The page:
When we design today, we isolate problems and then create solutions for them, and we then celebrate those solutions. But in reality we have no idea exactly what we've done, because in focusing on any particular problem we have really just ignored everything else. We have failed to engage with the complex realities of our interconnected world, and in our attempts at solutions have only created more problems.
So what would it look like if we attempted to design with everything in mind? What would the design intent of everything be?
I hypothesized that a desire for increased happiness is ultimately the reason we undertake any activity. With this frame I began questioning the design and construction of every aspect of modern life. The following talk recounts a series of elaborate self experiments to optimize my happiness and the insights that followed.
Work environments are changing. The digital era has enabled new models of work and life. People are increasingly gravitating towards new work environments, but how do these spaces fit within the greater context? Spaces that support collaboration, cooperation and collective innovation adhere to a similar network, especially within the modern metropolitan landscapes.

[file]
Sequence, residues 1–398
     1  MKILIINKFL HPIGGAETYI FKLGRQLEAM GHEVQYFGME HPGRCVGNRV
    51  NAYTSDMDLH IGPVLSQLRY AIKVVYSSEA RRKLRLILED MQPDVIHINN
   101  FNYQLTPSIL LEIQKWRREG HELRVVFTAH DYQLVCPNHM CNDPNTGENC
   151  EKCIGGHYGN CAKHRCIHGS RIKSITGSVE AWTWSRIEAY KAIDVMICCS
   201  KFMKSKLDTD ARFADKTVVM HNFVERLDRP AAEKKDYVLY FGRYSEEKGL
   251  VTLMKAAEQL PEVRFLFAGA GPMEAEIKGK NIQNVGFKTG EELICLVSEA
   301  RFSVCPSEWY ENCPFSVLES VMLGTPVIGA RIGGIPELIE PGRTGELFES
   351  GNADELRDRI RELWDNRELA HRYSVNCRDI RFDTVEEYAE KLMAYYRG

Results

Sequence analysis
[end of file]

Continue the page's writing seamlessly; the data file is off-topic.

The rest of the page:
In collaboration with a leading furniture company, our student team methodologically involved ourselves in relevant spaces around Chicago. Entrepreneurial incubators, innovation labs, media labs, living labs, coworking communities and hackerspaces provided grounds for our design research. Ethnographic research, qualitative interviews and secondary research methods enabled the collection of rich user stories and context to test our hypotheses. We formulated a list of congruent themes that sought out to codify the attributes that make spaces foster the creative minds of the future.
Sleeping in public is common in China. The practice reflects an foggy border between public and private space, between work and rest, between open job markets and guaranteed positions. What will happen, if anything, to this common habit as China evolves from communism to market socialism? Is this habit grounded in a communist ethos where work is guaranteed and your performance is not measured? Will businesses begin enforce western standards for behavior, or will napping become a protest against non-Chinese institutions?